Since the COVID-19 pandemic initially tanked the market back during March 2020, there has been a strong wave of recovery in the stock market occurring, while millions of Americans were losing their jobs. Many experts’ opinions were dead wrong on what the recovery would look like. Despite this stock recovery and 2021 continuing the trend, the economy continues to see job loss, high inflation levels, and other issues. But, as always, the federal government is using fiscal policy to stabilize the economy as much as possible. This traces back centuries but one major example of the government involving itself was during the dot-com bubble of the early 90s.
This is because The Federal Reserve raised interest rates at the same time stocks peaked which cooled down the soaring US economy and popped the bubble. Back then interests rates were at 5.85% and investors could reap returns from safer bonds rather than continue to invest in dot com companies. Today, the interest rate is near 0% but investor angst is growing that it may rise. As a result, a dot-com bubble scenario is something people fear repeating. On top of this, investors who fuel bubbles are piling into tech stocks just as they did two decades ago, in fact, tech investors are writing bigger checks than ever. According to CB Insights, start-ups have raised $292.4 billion globally so far this year, on track to beat the $302 billion raised throughout 2020.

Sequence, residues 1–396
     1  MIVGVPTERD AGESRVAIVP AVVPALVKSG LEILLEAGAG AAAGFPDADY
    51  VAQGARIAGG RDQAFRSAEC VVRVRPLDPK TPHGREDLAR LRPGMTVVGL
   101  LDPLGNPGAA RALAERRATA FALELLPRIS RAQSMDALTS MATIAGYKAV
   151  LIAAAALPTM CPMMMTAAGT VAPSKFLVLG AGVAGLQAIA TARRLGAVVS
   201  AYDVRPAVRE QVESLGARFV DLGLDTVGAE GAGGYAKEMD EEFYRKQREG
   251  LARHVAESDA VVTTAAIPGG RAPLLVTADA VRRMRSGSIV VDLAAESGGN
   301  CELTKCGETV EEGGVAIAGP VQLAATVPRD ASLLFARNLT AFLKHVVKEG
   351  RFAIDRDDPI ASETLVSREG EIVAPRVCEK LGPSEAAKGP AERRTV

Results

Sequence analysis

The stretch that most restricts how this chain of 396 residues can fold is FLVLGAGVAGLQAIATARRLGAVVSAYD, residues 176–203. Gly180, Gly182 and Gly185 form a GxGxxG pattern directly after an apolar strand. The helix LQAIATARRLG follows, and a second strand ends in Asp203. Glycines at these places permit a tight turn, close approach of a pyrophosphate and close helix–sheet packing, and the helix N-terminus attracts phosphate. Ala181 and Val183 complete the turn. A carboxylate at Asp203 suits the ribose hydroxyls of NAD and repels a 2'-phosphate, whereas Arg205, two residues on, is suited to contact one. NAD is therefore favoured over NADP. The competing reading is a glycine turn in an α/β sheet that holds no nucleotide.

But it’s not just smaller companies that are rising fast like in the dot-com bubble, but blue-chip tech stocks. For example, companies like Amazon, Google, and Facebook, have crossed the $1 trillion mark, and Microsoft and Apple are currently worth more than $2 trillion. Some have pointed out that the trends aren’t that similar and there isn’t much to be worried about because the dot-com bubble was driven mainly by “hype” because the internet was a new invention, whereas now, there isn’t an invention of a magnitude drawing the masses in. Do you think that a dot-com bubble scenario will repeat?
I am not a financial advisor and my comments should never be taken as financial advice. Investments come with risk, so always do your research and analysis beforehand.